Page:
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KAI RYSSDAL: Somehow, the World Economic Forum just wouldn’t be the same without Bono and Bill Gates. And, as it happens, the two were on a panel today in Davos, Switzerland. They said leaders of the big Western economies aren’t doing enough to help developing countries deal with things like AIDS and substandard education.
Gates also announced his foundation is going to back small farmers in Africa and other parts of the developing world — $306 million to help them work their way out of poverty. Gretchen Wilson reports from Johannesburg.
GRETCHEN WILSON: Small-scale farmers in the town of Newcastle use picks to turn the soil for a new food garden. But this one is in a school playground. A lack of good farm land in this area means the school yard is now their best option to grow cabbages, carrots and beets.
Soil across sub-Saharan Africa has been farmed for generation upon generation, leaving it depleted of essential nutrients for healthy crops. But most farmers are too poor to afford fertilizer at market prices. The result? Most farmers in sub-Saharan Africa don’t use it. Angolan farmers use less than a half a pound of fertilizer per acre. Ireland uses more than 1,000 times that amount.
So without the nitrogen and phosphorus needed to make things grow, it’s made farming here an exercise in futility.
JAMES BREEN: It is impossible to farm properly without fertilizer.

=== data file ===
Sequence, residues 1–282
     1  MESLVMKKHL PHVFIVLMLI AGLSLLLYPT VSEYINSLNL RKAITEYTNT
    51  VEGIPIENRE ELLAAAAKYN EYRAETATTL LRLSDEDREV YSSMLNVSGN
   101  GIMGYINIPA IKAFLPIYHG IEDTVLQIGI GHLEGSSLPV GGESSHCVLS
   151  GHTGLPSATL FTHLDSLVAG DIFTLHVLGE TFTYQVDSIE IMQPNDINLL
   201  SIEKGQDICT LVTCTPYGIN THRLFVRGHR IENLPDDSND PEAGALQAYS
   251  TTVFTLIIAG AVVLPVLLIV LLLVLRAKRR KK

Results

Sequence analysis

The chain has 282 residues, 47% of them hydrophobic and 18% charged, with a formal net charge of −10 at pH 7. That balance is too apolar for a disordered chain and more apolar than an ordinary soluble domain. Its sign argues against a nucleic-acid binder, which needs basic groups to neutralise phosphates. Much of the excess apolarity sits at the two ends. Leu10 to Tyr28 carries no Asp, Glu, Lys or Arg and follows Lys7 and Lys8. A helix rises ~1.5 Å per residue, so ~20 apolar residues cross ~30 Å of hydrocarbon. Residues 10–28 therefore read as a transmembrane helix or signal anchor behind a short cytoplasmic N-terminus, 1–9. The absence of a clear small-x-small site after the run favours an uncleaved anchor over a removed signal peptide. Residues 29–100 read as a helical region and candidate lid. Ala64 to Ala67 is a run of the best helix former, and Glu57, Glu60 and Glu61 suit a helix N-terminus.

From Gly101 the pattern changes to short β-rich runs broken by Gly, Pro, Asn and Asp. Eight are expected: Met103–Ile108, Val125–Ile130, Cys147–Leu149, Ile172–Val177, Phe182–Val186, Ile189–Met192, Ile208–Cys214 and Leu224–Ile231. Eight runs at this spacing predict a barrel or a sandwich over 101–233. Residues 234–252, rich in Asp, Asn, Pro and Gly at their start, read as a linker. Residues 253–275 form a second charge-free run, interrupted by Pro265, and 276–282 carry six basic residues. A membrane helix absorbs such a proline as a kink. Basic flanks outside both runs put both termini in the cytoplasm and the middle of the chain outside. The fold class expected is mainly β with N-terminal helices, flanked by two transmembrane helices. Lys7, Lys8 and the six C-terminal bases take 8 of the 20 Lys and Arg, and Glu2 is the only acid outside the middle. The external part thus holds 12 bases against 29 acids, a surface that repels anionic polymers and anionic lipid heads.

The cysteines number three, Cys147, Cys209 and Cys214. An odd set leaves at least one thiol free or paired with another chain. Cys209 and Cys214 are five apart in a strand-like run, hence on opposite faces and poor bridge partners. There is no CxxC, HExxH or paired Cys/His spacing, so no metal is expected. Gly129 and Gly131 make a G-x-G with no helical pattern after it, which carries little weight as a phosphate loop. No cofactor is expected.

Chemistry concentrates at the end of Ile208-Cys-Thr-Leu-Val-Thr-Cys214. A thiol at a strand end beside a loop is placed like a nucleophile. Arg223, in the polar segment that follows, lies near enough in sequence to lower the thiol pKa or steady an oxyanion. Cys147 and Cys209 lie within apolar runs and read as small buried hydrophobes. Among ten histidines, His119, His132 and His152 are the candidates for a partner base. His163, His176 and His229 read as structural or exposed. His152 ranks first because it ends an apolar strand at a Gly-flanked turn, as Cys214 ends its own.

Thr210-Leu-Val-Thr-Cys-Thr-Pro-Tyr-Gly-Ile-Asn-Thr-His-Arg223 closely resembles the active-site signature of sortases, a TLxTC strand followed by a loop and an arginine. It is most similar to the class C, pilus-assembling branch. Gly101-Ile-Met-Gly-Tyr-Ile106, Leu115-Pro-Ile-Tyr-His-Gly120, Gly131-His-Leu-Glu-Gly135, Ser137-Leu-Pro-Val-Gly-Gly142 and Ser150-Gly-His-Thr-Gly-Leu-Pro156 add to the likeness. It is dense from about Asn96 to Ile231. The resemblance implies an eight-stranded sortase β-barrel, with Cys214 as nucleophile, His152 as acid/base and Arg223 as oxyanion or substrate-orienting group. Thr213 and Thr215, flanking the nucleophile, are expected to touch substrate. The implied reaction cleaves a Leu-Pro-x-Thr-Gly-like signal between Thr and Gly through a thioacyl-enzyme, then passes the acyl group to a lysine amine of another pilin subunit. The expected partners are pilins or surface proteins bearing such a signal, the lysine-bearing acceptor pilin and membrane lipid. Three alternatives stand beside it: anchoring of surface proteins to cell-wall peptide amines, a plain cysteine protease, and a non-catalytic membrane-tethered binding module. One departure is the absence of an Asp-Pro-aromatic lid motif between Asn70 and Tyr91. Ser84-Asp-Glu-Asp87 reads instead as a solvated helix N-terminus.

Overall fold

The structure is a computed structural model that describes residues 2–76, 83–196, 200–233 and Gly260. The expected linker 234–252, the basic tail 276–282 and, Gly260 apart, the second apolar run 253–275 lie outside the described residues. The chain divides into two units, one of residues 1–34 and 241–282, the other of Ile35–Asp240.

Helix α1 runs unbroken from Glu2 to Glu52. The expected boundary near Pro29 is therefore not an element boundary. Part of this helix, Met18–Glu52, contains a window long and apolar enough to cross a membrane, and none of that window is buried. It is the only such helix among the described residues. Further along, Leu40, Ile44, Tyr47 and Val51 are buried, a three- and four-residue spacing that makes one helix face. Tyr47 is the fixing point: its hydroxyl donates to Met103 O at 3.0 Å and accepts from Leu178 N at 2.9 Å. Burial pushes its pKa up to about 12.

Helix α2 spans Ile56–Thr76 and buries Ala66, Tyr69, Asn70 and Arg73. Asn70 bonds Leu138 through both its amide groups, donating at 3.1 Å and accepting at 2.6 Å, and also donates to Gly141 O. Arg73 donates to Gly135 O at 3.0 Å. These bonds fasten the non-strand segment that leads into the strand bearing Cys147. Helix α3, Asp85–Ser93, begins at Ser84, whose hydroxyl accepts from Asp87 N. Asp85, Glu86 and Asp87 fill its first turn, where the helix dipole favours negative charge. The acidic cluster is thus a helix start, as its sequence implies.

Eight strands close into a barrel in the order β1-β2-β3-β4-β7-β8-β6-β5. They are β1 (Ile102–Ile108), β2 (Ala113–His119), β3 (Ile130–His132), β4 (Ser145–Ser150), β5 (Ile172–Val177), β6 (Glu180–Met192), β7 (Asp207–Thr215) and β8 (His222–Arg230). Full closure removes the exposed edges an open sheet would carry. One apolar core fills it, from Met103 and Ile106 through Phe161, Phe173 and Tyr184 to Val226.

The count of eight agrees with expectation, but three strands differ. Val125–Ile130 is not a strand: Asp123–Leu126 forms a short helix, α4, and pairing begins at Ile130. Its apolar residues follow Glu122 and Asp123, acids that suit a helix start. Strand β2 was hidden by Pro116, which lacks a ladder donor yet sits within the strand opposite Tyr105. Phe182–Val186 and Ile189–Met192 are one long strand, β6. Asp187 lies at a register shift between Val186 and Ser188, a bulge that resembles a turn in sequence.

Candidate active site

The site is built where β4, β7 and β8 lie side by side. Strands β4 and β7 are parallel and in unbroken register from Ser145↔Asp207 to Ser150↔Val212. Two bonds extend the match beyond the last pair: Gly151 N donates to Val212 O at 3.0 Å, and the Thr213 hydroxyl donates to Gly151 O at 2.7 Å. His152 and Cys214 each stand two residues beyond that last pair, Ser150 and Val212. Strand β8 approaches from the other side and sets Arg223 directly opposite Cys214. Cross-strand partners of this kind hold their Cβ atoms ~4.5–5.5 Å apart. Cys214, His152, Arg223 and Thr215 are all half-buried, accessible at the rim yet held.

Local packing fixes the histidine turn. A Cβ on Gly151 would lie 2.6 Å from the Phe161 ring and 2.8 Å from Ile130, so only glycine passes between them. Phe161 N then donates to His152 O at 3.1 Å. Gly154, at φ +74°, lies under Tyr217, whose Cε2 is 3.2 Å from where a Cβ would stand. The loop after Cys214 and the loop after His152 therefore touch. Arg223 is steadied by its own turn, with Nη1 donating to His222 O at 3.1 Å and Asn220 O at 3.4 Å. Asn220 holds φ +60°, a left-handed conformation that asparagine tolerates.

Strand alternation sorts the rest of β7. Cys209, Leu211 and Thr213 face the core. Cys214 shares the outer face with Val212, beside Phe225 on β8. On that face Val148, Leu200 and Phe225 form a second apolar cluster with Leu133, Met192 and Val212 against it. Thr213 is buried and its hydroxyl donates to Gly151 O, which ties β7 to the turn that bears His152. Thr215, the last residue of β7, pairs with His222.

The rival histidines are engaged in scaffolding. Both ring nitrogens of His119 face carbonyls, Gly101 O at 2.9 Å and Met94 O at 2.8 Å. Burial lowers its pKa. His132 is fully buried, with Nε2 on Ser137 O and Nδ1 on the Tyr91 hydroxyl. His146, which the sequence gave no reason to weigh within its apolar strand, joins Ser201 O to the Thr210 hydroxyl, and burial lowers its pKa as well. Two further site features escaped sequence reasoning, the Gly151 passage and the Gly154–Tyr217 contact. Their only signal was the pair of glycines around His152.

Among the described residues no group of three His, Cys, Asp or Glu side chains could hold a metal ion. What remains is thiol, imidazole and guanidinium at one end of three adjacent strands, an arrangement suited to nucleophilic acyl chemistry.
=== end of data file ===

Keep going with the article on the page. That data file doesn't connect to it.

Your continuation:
James Breen is a farming expert with the Food and Agriculture Organization of the United Nations.
BREEN: The soil is like a bank. If you keep drawing from your bank account, eventually you get a phone call from your manager. And that phone has been ringing incessantly in Africa for the last 15 to 20 years, with the decline in soil fertility.
The Gates Foundation put $164 million towards fertilizers via the African Soil Health Program.
Gates says helping rural farmers is the key to moving massive amounts of people out of poverty. The vast majority of the 1.1 billion people who survive on less than a dollar a day live in the world’s rural areas, especially in Africa.
Rajiv Shah is head of agricultural development for the Bill & Melinda Gates Foundation.
RAJIV SHAH: In fact, sub-Saharan Africa is the only continent, the only area, where the actual number of people who suffer from chronic hunger has gone up and not down in the past 15 years and today exceeds 200 million people.
When Gates made the announcement, he was flanked by World Bank President Robert Zoellick. And that’s significant.
For decades, Western donors — including the World Bank — have demanded that African countries put their faith in private markets and eliminate government-sponsored fertilizer subsidies.
But in recent years Malawi defied the World Bank and slashed fertilizer prices. Now, it’s exporting food. In October, the World Bank reviewed its own record and admitted that removing fertilizer subsidies in Africa had sent fertilizer prices sky high.
Small-scale farmers won’t be the only beneficiaries of today’s grant. Much of the organic, inorganic and chemical fertilizer will be imported from major producers in the United States and other Western countries.
In Johannesburg, I’m Gretchen Wilson for Marketplace.
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